George Maciunas Exhibition at 41 Cooper Gallery on Art Forum Critics’ Picks

Critics’ Picks

George Maciunas
41 Cooper Square, Lower Level 1
December 11–February 2

In Fluxmanifesto on Fluxamusement, 1965, George Maciunas writes, “To establish [the] artist[’]s nonprofessional, nonparasitic, nonelite status in society, he must demonstrate [his] own dispensability . . . he must demonstrate that anything can substitute art and anyone can do it.” To rephrase, the role of the artist is, paradoxically enough, to eliminate the role of the artist. Maciunas’s ambivalence, if not outright hostility, toward art as a profession accounts for his reluctance to identify as an artist; he preferred to introduce himself as an architect, a graphic designer, or as the chairman of Fluxus, the neo-avant-garde movement he named and instigated in 1962. In “Anything Can Substitute Art: Maciunas in SoHo,” curator Astrit Schmidt-Burkhardt surveys Maciunas’s remarkably varied output. In addition to scores, multiples, and publications, this includes floor plans, historical charts, advertisements for both Fluxus and freelance clients, papers from his graduate studies at the Institute of Fine Arts, newsletters for the Fluxhouse Cooperatives he managed in SoHo, day-planners, passport photos, postcards, even his 1952 diploma from the Cooper Union. In short, Schmidt-Burkhardt puts Maciunas’s proposition that “anything can substitute art” to the test by presenting material more readily associated with architecture, scholarship, publicity, real estate, and bureaucracy than artistic practice.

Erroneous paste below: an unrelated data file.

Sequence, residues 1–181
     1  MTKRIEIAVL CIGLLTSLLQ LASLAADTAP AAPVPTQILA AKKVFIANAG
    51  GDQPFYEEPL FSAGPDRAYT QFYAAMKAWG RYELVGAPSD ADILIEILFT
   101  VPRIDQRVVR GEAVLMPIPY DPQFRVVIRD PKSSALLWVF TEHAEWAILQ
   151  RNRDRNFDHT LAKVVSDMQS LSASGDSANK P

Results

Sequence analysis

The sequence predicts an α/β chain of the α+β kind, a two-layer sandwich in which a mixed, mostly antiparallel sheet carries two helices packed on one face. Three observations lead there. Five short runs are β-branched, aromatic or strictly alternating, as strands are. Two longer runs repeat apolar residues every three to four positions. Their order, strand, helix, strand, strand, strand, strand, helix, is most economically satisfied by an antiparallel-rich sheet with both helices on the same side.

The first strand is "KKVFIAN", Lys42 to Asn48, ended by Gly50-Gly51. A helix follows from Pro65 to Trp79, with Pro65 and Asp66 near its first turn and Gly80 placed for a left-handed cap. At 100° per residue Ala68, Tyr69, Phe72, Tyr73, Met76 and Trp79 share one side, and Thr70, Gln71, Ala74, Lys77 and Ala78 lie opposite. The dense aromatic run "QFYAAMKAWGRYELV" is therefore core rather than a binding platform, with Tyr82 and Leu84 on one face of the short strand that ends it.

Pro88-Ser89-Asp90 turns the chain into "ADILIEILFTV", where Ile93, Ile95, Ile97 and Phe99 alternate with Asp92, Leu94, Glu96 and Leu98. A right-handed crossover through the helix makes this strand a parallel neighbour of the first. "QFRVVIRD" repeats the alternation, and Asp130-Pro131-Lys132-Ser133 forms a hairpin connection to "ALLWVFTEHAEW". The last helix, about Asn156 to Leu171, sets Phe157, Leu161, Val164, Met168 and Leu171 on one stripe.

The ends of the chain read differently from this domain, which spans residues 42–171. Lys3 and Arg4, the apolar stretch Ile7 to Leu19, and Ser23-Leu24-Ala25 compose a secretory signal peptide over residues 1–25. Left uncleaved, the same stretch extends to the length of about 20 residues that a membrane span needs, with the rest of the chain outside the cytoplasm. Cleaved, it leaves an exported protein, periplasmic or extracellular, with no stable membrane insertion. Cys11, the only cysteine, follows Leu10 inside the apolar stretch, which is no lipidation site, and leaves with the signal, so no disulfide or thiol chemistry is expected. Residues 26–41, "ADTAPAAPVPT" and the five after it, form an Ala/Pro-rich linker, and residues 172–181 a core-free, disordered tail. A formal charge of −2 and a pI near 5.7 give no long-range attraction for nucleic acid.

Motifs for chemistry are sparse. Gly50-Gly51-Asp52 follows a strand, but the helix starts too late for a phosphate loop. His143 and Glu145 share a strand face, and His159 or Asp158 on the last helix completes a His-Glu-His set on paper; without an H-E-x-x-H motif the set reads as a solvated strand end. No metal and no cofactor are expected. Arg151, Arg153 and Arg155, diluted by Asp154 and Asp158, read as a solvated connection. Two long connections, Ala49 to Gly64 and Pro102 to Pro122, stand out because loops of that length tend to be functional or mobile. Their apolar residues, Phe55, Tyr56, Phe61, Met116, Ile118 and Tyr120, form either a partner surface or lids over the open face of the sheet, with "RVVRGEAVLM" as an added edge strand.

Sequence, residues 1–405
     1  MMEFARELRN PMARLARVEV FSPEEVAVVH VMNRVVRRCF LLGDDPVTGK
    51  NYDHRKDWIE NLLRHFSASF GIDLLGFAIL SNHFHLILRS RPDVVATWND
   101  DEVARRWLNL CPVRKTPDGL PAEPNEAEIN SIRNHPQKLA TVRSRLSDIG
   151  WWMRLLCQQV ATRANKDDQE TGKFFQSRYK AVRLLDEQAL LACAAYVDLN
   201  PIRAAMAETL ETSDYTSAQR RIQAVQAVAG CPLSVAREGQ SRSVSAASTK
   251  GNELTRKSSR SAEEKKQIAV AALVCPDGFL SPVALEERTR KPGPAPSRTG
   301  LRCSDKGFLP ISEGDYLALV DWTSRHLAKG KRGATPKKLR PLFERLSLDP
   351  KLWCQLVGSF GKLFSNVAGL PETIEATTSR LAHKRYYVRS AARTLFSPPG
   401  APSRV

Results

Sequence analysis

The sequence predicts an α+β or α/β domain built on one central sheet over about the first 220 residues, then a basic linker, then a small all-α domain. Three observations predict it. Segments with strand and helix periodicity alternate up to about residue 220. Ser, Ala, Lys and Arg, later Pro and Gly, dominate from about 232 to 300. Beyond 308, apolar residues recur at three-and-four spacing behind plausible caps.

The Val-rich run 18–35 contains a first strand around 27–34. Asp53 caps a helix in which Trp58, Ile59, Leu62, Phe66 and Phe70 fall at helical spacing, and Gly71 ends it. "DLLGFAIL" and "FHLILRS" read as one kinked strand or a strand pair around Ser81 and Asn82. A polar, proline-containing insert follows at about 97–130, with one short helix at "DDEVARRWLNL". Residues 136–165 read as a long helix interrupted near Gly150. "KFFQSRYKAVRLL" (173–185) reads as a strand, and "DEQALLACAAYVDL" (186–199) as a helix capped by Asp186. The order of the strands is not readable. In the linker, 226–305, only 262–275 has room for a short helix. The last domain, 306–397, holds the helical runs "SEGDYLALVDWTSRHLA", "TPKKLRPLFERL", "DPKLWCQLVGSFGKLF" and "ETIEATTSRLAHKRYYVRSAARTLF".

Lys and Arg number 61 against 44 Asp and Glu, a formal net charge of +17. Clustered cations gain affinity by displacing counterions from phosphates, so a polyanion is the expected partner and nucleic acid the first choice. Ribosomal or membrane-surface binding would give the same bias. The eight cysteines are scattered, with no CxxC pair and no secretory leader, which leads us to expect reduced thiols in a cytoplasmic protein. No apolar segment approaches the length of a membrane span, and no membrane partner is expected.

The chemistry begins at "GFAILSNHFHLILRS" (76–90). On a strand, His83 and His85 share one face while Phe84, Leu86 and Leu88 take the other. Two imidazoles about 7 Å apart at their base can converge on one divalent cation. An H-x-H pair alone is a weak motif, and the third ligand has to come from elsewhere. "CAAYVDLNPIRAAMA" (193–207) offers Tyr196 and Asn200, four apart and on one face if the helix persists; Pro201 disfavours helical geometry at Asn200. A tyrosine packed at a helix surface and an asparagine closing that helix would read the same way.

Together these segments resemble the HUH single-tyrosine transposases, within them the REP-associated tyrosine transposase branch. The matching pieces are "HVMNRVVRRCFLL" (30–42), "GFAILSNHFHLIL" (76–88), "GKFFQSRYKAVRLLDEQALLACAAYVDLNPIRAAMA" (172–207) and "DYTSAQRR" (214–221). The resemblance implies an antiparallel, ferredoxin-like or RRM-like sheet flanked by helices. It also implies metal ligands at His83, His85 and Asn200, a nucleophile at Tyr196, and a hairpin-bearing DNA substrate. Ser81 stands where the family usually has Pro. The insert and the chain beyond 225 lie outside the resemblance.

Given his collaborative working methods, it’s impossible to consider Maciunas in isolation. The show in particular underscores the connection between Maciunas and his fellow Lithuanian, the filmmaker Jonas Mekas. Most of the material on view comes from the Jonas Mekas Visual Arts Center in Vilnius, and Mekas’s beautiful 16-mm Zefiro Torna, or Scenes from the Life of George Maciunas, 1992, screens continuously. Mekas’s personal footage of Maciunas stretches back to 1952, and it’s striking to see that these two indefatigable organizers—between them the founders of Fluxus, the Fluxhouse Cooperatives, the Film-Makers’ Cooperative, and Anthology Film Archives—first met through a suburban Long Island community of émigrés from a country that was, as Mekas memorably puts it, “sacrificed on the altar of Yalta.” Anything can substitute art, but art can also be a substitute, a home for those in perpetual flux.